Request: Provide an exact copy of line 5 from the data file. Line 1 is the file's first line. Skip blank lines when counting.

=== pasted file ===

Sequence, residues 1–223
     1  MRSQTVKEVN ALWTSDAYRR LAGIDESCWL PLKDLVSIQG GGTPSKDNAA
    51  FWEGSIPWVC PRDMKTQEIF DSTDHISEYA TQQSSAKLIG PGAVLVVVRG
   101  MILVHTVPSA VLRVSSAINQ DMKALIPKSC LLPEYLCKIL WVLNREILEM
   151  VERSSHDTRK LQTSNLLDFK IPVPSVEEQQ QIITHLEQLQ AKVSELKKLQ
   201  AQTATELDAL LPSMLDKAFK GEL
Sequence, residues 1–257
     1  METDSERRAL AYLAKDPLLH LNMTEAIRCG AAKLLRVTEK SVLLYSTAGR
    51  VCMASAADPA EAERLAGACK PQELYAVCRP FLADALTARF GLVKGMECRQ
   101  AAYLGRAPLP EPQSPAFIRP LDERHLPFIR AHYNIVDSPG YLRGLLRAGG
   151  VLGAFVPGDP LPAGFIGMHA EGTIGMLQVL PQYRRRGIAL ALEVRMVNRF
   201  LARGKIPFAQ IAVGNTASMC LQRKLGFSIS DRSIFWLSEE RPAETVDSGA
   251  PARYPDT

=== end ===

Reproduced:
   151  VERSSHDTRK LQTSNLLDFK IPVPSVEEQQ QIITHLEQLQ AKVSELKKLQ